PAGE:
Another reason you might want to access your equity is to build your property portfolio by purchasing a second property. Using the equity from your current property, you may be able to pay a deposit and the upfront costs for the purchase of another property. But only if you've built up enough equity to cover these costs.

Access new home loan features

When you first took out your home loan, you may have only needed a basic no-frills loan with low fees and a low-interest rate. You're now a few years in and are thinking about how other features could help you to repay your home loan sooner and organise your budget. 

Whether it's an offset account, redraw facility, cashback offer or some other attractive home loan feature before you jump at fancy features, do your research. You want to get a home loan that suits your needs, not just one with an attractive offer.  

Moving to a new home

If you've decided to move to a new property, you may be able to take your home loan with you. But this may also be an excellent opportunity to review your current home loan and see if you can get a better deal.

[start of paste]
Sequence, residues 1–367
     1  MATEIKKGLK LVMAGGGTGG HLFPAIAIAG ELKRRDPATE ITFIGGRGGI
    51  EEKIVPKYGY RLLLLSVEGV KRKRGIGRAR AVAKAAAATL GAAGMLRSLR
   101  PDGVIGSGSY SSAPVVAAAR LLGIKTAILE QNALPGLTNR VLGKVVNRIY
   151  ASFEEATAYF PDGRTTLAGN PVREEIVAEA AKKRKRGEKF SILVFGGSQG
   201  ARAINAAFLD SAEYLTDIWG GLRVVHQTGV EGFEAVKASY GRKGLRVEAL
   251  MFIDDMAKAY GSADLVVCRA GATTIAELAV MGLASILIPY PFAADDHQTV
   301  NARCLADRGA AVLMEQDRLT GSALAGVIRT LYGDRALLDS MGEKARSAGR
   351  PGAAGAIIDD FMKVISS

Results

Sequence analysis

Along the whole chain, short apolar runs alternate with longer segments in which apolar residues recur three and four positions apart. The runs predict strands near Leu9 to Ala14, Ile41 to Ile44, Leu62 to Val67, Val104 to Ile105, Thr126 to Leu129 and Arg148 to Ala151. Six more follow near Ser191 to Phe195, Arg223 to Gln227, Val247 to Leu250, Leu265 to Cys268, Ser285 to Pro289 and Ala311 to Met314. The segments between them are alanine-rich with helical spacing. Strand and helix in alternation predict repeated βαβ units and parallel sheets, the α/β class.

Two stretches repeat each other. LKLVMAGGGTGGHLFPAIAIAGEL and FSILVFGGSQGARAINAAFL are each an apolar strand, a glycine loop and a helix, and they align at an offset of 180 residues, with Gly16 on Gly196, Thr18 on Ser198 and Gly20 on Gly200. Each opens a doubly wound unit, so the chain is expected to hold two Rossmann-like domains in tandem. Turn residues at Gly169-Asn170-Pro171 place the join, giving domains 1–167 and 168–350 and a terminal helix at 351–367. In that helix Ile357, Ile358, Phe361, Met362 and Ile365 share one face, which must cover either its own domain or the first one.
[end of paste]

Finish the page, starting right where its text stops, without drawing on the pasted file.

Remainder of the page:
Reorganising your finances

You might have a principal and interest home loan and need to switch to an interest-only home loan for a while, or you may have a variable rate home loan and want to change to a fixed rate. Or you might just want to bring all your finances to the same financial institution. 

Getting a handle on your finances is always a smart decision and refinancing your home loan is just one of the options you have.

Things to consider before you refinance your home loan

Just like the above reasons to refinance your home loan, there are some reasons now might not be the best time to refinance or change your home loan.

Will you have to pay break costs?

If you have a fixed rate home loan and the fixed term hasn't expired you will incur break costs when you refinance. These costs are often relatively high and are best avoided if you can.  

Is your equity too low?

If you originally borrowed more than 80% of your property's value, you would have paid lenders mortgage insurance (LMI). If you want to refinance, you will need to have built up at least 20% equity, or you will be asked to pay another LMI premium.

Consider whether the savings you might make by refinancing outweigh the additional costs such as LMI.  

Has your property’s value decreased?

The property market is often seen as the "safest" investment due to its usual stability or the tendency for property values to increase. The market also has downswings, and if you look to refinance your home loan during this time, you may not end up saving any money in the long term.